Cartilage acts like a pad or cushion, protecting your bones at the joints during movement. In older adults and younger people who are very physically active, like athletes, cartilage may start to break down and become less cushiony over time. This can lead to friction and pain, especially in well-used joints like the knees -- a condition known as osteoarthritis. Your doctor may recommend pain relievers, supplements or surgery in extreme cases, but your diet can also help you manage your condition and even build new cartilage.
The University of Maryland Medical Center recommends an anti-inflammatory diet to help prevent and manage osteoarthritis. For this diet, boost consumption of fresh vegetables and fruits, whole grains, legumes, lean protein from poultry and cold-water fish, and healthy fats from olive oil, nuts, seeds and avocado. In particular, UMMC suggests garlic, onions, parsley, watercress, celery and lemon for their anti-inflammatory potential. Your joints require water to remain lubricated, so UMMC recommends getting six to eight glasses a day. In following this type of diet, you may also lose weight -- a plus, because obesity is a major risk factor for osteoarthritis.
Boost Vitamins C and D
Cartilage is made of collagen, and your body requires vitamin C to make this protein. To build cartilage in your knees, make sure you are getting the recommended daily amount of this antioxidant vitamin -- 75 milligrams for women and 90 milligrams for men. You can get vitamin C from most fruits and many vegetables, especially citrus fruits, kiwi, berries, sweet peppers, cruciferous veggies like broccoli and cauliflower, and leafy greens. While it doesn't build new tissue, vitamin D can help you preserve the cartilage you have, reports registered dietitian Joy Bauer -- you need at least 600 international units daily. Get your vitamin D from fatty fish, dairy foods, eggs, soy milk, UV-treated mushrooms and fortified foods.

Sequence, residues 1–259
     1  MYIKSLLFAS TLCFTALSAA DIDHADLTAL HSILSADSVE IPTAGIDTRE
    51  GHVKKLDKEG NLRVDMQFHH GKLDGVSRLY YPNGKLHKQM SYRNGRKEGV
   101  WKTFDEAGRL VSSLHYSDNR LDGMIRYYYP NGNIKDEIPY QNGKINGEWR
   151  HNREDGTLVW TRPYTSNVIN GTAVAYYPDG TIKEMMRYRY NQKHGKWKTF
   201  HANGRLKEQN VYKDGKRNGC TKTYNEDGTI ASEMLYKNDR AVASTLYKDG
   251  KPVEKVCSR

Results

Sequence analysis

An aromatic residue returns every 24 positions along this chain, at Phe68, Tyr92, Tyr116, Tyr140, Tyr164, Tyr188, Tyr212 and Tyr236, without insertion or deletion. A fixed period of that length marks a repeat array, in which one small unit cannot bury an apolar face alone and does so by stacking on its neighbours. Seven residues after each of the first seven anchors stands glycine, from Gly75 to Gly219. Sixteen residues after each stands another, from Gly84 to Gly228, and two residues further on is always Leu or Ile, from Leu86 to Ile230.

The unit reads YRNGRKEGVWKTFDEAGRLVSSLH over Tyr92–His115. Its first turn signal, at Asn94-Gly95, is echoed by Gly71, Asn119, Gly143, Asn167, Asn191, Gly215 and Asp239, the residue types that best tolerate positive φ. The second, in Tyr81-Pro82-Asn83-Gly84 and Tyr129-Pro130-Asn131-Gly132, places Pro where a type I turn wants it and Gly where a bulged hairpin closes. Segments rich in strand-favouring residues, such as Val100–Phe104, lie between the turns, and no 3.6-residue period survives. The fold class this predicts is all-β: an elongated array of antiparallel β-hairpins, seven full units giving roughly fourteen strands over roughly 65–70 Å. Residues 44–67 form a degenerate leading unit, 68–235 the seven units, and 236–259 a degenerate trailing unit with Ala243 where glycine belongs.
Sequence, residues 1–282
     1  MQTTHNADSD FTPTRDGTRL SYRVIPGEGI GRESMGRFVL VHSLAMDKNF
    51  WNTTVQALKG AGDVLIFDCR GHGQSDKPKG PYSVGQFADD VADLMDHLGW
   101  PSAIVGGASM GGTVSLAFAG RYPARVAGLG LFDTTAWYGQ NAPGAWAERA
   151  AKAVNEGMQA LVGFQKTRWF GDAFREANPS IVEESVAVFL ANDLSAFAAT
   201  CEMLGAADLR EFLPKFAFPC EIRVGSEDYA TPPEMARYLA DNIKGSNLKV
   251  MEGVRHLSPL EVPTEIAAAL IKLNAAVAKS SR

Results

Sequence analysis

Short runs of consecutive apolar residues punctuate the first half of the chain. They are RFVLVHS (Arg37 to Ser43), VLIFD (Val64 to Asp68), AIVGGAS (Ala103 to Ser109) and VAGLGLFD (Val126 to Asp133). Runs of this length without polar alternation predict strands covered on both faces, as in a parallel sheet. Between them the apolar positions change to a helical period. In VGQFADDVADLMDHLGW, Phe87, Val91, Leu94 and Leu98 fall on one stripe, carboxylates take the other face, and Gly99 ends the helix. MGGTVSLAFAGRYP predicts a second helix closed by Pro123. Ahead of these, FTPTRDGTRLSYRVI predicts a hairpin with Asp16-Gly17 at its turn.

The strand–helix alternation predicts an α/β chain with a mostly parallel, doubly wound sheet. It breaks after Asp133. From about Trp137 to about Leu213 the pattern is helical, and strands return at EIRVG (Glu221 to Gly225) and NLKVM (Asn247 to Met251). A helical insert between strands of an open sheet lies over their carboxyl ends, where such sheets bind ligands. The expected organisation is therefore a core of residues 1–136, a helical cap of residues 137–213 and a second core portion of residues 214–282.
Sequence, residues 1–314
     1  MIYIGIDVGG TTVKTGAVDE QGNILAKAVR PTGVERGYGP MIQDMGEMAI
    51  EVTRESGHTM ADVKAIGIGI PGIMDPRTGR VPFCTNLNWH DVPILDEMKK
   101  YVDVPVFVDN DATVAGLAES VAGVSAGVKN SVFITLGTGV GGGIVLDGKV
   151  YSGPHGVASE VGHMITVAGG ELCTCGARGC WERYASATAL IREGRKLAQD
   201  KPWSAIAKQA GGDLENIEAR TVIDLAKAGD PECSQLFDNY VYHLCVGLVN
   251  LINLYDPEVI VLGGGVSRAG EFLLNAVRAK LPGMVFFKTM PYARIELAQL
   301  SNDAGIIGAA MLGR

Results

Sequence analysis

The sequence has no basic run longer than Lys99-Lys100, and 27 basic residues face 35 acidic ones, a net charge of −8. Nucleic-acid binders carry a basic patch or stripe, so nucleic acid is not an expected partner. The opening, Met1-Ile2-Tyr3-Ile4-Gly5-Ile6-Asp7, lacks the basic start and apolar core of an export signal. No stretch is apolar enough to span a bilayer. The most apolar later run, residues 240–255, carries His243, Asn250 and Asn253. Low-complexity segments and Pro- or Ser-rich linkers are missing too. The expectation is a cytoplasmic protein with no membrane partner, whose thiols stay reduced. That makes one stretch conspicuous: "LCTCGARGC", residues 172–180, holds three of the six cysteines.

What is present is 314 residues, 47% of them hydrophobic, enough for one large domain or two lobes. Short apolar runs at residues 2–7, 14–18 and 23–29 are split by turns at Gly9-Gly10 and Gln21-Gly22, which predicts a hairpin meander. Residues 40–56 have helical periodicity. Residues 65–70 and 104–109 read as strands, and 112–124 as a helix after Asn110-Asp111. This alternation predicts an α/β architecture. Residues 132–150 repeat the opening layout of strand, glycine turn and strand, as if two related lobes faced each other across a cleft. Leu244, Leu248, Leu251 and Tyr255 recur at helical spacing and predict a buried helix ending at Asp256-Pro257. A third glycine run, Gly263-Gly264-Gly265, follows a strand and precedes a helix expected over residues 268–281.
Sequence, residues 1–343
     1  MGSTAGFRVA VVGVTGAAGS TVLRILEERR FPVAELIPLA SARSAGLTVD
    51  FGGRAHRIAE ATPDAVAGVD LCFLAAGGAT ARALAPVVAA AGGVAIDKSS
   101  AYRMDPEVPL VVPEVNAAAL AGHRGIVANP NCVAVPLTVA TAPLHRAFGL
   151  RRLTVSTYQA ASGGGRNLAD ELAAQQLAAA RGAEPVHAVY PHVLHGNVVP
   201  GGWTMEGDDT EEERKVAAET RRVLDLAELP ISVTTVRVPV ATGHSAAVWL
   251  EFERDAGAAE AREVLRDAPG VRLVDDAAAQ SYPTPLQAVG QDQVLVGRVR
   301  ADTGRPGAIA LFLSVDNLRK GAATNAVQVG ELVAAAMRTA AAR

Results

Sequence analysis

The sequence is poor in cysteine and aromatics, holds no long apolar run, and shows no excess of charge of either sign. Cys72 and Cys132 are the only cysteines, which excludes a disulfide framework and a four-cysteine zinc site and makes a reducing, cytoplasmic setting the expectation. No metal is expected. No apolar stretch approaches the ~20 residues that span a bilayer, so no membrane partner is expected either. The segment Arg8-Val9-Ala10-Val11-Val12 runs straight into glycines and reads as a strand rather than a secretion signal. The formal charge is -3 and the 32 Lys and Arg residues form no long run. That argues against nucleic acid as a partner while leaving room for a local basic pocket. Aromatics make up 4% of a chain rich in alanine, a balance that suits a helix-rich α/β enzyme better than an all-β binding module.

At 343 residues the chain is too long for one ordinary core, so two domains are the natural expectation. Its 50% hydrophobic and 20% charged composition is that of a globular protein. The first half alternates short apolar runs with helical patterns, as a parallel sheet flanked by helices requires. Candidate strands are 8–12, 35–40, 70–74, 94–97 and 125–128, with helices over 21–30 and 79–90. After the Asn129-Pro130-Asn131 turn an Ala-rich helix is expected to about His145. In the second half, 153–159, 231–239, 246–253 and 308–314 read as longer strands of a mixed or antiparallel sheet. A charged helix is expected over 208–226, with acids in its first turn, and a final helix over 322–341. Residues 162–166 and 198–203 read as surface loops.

Make Cartilage-Boosting Broth
Glycine and proline are the most abundant amino acids in your tissues' collagen fibers, according to the Weston A. Price Foundation. While your body can manufacture these proteins -- meaning you don't have to get them from food -- a low-protein diet may create a deficit, leading to joint problems. Glycine and proline are abundant in gelatin, a food substance derived from animal collagen. The WAP Foundation recommends incorporating rich bone broths into your diet through soups, stews and sauces to build cartilage. You can make your own joint-supporting meat stock by simmering the bones of your choice with water, vegetables and herbs.
Avoid Inflammatory Foods
Certain foods can create inflammation in the body, fueling your joint pain while doing nothing to help you build new tissue. In addition to incorporating healthy carbs, fats and proteins into your diet, Bauer recommends avoiding refined carbohydrates in foods such as white flour foods, white rice, and sugary foods and beverages. Foods high in saturated fats, like fatty meats and full-fat dairy, can also lead to an inflammatory state, as can trans fats found in food like french fries and commercial baked goods.